Although most of these things came into question while Uriah was still living, he never budged from any of his views. Evidence shows that Smith feared that Adventist theology would fall apart if they revised their views that were established at the beginning of the movement.

Now, there are definite pillars of Adventist faith that should not be touched. The Sabbath, the Law of God, the state of the dead, the sanctuary, and many other doctrines have and will stand the test of time until Jesus comes again. But that does not mean that our understanding of these teachings will not grow and that we will never find new ways of expressing them that make us as a church more effective in evangelism.

It also does not mean that we will never find that our understanding was a little off when it comes to certain aspects of these doctrines. Ellen White says, “God and heaven alone are infallible. Those who think that they will never have to give up a cherished view, never have occasion to change an opinion, will be disappointed. As long as we hold to our own ideas and opinions with determined persistency, we cannot have the unity for which Christ prayed.”[13]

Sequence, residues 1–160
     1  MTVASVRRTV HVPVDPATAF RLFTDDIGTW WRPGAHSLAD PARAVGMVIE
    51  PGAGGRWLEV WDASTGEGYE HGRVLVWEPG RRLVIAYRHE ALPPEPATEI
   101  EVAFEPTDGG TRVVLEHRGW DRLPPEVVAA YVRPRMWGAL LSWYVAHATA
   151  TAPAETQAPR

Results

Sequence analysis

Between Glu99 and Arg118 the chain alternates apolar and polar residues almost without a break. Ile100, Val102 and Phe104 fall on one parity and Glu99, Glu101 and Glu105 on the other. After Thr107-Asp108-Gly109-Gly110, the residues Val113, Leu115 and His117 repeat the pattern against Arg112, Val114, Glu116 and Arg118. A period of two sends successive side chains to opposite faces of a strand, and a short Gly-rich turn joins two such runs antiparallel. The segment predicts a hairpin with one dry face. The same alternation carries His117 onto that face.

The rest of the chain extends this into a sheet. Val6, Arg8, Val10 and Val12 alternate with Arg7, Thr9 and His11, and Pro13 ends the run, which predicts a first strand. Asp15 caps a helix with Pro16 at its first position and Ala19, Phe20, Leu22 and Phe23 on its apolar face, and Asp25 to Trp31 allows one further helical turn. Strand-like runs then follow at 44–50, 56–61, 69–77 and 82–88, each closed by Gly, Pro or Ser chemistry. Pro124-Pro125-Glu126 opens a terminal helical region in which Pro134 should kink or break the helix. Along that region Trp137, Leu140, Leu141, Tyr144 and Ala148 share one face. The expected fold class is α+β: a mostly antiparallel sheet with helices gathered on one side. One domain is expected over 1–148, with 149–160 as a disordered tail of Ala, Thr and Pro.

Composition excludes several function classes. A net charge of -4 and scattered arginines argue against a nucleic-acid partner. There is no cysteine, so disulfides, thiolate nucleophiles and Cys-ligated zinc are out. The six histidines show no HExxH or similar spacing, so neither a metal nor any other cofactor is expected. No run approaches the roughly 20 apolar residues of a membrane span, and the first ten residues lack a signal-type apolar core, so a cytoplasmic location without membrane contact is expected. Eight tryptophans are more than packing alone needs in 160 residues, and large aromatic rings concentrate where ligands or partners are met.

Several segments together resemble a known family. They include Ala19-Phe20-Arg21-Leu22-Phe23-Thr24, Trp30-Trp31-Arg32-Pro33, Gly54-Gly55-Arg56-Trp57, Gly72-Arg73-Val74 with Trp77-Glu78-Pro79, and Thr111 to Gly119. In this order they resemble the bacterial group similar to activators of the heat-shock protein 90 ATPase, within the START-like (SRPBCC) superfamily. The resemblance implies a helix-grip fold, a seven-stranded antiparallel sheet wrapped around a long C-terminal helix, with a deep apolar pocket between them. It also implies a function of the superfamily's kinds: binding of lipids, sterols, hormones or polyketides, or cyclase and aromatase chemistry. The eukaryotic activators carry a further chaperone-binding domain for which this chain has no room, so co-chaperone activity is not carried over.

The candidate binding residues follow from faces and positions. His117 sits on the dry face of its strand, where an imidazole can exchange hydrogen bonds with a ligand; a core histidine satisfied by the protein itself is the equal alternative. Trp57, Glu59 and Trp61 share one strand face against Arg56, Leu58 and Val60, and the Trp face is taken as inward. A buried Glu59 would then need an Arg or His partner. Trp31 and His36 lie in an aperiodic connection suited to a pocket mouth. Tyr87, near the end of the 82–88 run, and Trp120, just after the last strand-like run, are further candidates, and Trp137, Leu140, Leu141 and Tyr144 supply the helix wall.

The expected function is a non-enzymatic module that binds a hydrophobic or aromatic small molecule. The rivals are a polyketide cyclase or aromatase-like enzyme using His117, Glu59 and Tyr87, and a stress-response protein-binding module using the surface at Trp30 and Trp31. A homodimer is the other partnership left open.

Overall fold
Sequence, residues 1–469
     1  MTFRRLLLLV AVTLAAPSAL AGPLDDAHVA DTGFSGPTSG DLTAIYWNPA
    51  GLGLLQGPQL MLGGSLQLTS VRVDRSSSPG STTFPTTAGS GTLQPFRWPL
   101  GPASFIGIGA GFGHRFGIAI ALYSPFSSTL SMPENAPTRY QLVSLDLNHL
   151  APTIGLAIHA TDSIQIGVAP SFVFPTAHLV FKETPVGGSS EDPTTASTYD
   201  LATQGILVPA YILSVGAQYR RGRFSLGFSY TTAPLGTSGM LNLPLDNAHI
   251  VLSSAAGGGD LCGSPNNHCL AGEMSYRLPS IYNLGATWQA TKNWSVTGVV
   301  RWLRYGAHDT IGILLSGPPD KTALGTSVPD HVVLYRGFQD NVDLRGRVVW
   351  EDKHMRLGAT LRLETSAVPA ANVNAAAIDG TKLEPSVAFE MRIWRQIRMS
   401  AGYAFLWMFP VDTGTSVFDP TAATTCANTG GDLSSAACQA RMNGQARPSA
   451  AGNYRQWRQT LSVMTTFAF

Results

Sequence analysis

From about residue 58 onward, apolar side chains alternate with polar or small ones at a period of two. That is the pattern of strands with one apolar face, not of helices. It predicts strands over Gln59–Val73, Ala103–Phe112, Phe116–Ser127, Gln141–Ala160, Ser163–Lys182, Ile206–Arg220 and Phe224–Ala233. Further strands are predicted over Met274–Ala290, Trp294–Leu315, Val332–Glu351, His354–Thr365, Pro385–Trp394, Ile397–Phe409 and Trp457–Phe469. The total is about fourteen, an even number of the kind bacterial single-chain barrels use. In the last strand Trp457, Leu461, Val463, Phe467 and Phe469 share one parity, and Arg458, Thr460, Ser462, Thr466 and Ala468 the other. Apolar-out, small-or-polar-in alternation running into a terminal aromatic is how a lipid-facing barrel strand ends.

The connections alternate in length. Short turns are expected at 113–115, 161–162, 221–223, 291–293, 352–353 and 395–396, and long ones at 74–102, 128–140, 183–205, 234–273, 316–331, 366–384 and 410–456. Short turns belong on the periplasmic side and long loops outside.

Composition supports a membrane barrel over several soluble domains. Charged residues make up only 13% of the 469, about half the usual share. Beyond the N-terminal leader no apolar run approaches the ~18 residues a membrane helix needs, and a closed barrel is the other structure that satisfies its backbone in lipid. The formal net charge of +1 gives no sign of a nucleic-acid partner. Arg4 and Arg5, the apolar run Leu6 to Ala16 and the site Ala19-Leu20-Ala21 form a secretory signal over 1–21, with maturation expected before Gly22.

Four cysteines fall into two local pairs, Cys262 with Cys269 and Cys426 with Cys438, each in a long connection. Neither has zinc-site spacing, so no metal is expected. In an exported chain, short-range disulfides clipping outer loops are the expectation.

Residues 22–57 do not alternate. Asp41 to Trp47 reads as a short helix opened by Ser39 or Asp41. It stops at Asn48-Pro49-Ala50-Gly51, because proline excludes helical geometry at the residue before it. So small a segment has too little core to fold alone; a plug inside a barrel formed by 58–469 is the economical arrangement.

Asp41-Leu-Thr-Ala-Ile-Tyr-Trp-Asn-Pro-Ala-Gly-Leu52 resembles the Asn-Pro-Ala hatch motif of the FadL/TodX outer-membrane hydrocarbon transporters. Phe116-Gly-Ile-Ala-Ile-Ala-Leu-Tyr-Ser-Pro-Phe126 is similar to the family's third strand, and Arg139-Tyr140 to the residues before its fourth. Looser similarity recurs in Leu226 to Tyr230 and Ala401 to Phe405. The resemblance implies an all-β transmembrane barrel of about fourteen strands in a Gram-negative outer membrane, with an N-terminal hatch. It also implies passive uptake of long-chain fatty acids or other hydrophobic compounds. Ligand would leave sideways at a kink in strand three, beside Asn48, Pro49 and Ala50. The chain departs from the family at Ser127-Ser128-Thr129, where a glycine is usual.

Let us learn from Uriah Smith to be humble in our understanding of the Bible, and to keep searching for a greater understanding of God’s word.

Click here to read the rest of this series on the Adventist pioneers!

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Notes.

[1] Gary Land, Uriah Smith: Apologist and Biblical Commentator, p. 19.

[2] Ibid, p. 60.

[3] Ibid, p. 61.

[4] Ibid, p. 25.

[5] Uriah Smith, Thoughts, Critical and Practical, on the Book of Revelation, p. 8.

[6] Gary Land, Uriah Smith: Apologist and Biblical Commentator, p. 173.

[7] Ibid, p. 177.

[8] Ellen G. White to Uriah Smith, June 14, 1889.

[9] Gary Land, Uriah Smith: Apologist and Biblical Commentator, p. 231.

[10] Ibid, p. 47.

[11] Ibid, p. 82.

[12] Ellen G. White to Uriah Smith, Dec. 31, 1890.

[13] Ellen G. White, Counsels to Writers and Editors, p. 37.

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About the author

Tony Dennis

Tony Dennis is from Sacramento, California, and spent most of his life as an atheist. He was converted to Seventh-day Adventism when he was 21 years old by reading the book Steps to Christ. He has served as a teacher of Daniel, Revelation, and Sanctuary classes at the evangelism school Souls West. His passions are education and history.